Allow me to provide an example: The notorious black helicopter conspiracy theory is such a mainstay of the paranoid, conspiracy nut crowd that the rest of society uses it as a meme. It’s a useful marker to determine whether to take a person seriously, because if they start spouting it, you can tune them out. However, on January 21st, military helicopters buzzed through the skies of Miami shooting machine gun fire (albeit blanks).
They terrified residents of the city and no doubt contributed to the sense of many American citizens that their government was threatening to them, regardless of the justification. I know that personally if the military decided to do their “training exercise” of machine-gun firing helicopters in my neighborhood, I would be seriously upset. Talk about easily feeding the black helicopter, tin-foil hat wearing crowd. At the school level, there are schools planning to do drills with actual gunfire (of blanks). Do we, as a society, need to reduce ourselves to these measures all in the name of “safety and security?”
Other developments by DARPA (the Defense Advanced Research Projects Agency), also feed the public’s fears of a surveillance state. For example, DARPA can now see you waving your arms from 17,500 feet in the air. Countries like Iceland, in an expression of alarm regarding direction of the surveillance state the United States has taken, have forwarded a Constitution that limits such powers. The attitude of the American public toward surveillance is, in itself, alarming. Repeatedly, you will hear Americans say, “If you are not doing anything wrong, you have nothing to fear from being watched.” Comments like this abound in the article about DARPA’s new long-distance reconnaissance tool. Are Americans becoming too comfortable with a police state? Although most mock and criticize the “Security Check Point” toy made by PlayMobil between 2003-2007 that many see as desensitizing children to a police state, it has its defenders on Amazon.com’s comments section as well.
As liberals we hope that our society progresses ever forward, further and further away from conservatism. However, things like climate change that may leave future generations scrambling for resources causing future political scenarios to become unpredictable. At the state level, red states that enact dominionist laws, laws outlawing abortion, or other anti-democratic laws can easily abuse the powers of law enforcement. The definition of a police state is a nation [or state] in which the police, especially a secret police, summarily suppresses any social, economic, or political act that conflicts with governmental policy. Do we wish to dismantle stalwart protections we have in place against an overly powerful police and military force?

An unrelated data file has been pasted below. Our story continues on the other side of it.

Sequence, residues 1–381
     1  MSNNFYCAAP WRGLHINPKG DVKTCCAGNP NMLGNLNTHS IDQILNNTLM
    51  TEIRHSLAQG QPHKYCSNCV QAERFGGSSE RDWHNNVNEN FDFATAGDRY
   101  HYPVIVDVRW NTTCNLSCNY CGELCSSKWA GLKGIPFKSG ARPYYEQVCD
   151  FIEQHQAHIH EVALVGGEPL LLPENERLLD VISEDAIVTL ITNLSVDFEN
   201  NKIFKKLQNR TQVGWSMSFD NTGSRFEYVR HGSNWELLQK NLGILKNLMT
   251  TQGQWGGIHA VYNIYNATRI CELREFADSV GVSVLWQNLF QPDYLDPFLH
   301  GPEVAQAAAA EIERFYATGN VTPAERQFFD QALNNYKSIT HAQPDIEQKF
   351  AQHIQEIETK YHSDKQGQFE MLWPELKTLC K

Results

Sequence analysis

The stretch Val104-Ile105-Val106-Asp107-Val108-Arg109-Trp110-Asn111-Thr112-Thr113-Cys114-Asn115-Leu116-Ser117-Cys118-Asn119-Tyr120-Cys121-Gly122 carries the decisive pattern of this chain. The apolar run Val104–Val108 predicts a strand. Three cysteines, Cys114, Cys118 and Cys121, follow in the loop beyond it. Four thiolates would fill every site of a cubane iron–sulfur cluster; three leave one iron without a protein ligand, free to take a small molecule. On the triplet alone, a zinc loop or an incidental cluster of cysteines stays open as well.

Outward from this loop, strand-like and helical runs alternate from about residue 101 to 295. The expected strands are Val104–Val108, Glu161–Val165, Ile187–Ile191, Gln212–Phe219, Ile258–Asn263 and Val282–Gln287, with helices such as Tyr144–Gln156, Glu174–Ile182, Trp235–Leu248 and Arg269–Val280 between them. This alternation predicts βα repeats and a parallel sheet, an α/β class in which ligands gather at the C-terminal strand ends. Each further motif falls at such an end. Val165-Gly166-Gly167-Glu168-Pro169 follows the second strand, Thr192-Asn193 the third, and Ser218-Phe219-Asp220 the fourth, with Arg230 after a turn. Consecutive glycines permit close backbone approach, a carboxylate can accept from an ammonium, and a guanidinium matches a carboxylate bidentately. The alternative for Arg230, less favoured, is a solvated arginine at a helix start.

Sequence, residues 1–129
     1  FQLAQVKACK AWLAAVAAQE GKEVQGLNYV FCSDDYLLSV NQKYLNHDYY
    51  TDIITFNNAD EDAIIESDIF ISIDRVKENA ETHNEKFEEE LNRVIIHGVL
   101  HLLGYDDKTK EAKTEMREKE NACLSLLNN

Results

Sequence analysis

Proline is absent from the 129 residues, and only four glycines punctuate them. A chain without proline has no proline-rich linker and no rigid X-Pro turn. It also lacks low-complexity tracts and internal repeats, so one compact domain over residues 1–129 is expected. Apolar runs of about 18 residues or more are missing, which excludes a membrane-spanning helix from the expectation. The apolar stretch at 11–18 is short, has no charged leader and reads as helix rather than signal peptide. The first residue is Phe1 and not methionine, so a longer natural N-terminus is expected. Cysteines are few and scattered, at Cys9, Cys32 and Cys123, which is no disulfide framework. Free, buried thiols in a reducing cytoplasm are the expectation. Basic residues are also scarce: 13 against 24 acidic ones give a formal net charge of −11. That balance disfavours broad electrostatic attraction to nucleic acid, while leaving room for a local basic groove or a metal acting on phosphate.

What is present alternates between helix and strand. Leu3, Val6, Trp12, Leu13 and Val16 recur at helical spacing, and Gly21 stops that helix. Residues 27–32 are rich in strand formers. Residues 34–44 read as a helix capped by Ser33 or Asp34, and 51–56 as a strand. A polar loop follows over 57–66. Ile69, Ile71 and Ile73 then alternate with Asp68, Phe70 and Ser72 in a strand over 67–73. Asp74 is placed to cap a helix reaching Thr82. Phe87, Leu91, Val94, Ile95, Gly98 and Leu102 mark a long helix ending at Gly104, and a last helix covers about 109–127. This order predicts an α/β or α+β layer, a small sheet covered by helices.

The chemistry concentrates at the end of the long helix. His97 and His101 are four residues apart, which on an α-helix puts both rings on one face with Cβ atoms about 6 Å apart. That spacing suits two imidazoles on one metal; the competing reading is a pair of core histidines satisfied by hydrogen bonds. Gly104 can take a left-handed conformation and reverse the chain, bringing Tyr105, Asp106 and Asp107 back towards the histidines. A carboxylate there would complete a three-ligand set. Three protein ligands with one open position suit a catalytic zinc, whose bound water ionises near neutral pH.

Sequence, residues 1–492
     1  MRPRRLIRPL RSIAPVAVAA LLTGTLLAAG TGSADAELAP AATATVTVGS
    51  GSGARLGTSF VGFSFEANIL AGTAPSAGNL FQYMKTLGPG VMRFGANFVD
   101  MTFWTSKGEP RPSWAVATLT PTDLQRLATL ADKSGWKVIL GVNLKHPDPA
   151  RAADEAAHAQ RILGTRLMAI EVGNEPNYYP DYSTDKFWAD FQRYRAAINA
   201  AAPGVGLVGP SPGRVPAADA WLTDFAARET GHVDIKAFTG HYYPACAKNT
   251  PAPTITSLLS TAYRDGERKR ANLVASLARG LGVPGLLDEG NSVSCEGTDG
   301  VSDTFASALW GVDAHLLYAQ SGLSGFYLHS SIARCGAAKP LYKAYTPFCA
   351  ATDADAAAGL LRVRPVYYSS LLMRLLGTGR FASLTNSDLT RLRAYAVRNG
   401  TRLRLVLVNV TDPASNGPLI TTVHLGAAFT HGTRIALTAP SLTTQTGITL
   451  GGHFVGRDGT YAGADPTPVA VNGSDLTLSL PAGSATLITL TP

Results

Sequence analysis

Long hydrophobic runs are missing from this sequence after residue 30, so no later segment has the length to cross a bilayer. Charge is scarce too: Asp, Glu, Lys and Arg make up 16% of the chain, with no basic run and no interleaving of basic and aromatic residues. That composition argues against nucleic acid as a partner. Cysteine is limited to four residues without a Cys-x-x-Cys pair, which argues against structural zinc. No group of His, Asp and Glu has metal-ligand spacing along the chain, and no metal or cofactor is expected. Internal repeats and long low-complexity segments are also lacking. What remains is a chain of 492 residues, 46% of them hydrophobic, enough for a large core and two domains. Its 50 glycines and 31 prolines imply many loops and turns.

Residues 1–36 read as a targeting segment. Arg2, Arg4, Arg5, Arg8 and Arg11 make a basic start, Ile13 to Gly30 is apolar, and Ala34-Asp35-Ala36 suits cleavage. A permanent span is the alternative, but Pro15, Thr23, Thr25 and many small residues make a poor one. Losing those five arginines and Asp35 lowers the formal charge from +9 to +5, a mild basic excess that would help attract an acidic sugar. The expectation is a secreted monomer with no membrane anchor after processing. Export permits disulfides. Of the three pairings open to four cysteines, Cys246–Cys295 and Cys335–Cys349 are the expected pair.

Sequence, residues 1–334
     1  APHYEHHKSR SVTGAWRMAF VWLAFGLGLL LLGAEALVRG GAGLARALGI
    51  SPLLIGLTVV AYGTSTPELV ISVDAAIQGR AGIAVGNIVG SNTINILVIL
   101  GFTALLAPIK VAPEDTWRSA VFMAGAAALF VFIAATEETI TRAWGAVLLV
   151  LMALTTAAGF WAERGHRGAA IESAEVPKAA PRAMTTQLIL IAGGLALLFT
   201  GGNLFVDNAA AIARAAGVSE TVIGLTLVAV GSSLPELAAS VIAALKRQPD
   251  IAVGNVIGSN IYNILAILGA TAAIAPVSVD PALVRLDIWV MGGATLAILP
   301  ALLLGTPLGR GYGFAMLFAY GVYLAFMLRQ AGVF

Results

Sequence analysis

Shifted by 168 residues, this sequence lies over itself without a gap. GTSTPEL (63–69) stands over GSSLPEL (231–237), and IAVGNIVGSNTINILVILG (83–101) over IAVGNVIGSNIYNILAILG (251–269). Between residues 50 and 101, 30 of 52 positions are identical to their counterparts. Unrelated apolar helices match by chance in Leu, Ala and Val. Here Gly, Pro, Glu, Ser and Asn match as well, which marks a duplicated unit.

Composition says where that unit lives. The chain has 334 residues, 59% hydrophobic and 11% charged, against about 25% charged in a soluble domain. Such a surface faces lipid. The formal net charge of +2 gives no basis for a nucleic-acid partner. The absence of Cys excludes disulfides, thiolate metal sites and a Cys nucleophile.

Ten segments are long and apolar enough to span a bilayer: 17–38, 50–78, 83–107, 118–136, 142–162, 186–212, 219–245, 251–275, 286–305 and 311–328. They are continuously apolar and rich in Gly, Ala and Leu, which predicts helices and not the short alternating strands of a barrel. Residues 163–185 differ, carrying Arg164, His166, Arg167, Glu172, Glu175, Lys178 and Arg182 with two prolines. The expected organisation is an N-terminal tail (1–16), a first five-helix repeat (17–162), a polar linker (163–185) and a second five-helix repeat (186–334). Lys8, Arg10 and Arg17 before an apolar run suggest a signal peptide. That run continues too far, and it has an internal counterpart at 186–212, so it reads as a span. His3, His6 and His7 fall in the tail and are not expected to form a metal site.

My job is to serve low-income, first generation college students in a federal program designed to help them escape poverty by getting them through college. Because of the community where I live, a high percentage of the students I serve are from Somalia. They also happen to be Muslim. One of those students, Mohamed, I have worked with closely for two years. He was orphaned when he was 11 when a militant tribe killed his father, a simple farmer, and his deaf mother. He is an incredibly sweet soul, eager for adult role models, and I would vouch for his character without reservation. He is always enthusiastic to show any interested party pictures of his homeland…the place where he used to swim, a beautiful crystal blue watering hole…the farm where he lived…his village. He wants to start a non-profit to open schools in Somalia. Recently, he told me he is going back there to visit in two months. Because of his name, his religion, previous mistakes made by our government regarding detainment of innocent Muslims who visited countries plagued by pockets of terrorism, I fear for his safety and his civil rights, even though he is an American citizen. It is with all of this in mind that I hope we have a national conversation about civil liberties, an honest look at how militarization and surveillance contribute to becoming a police state, and that we keep in mind that one of the best ways to let terror rule the day is to surrender freedom for “security.”
Deborah is a former social work professor who taught social policy, mental health policy, and human diversity. Proud to be called liberal, she happily pays her taxes after being raised in a home that needed long-term welfare. Contrary to the opinion of many, she is living proof that government investment in children leads them out of poverty having received services from Head Start to Pell Grants. Deborah works with low-income, first generation, and disabled college students who are at high-risk for dropping out of college in a program designed to help them graduate. She lives with her husband, stepson, and an aging cat.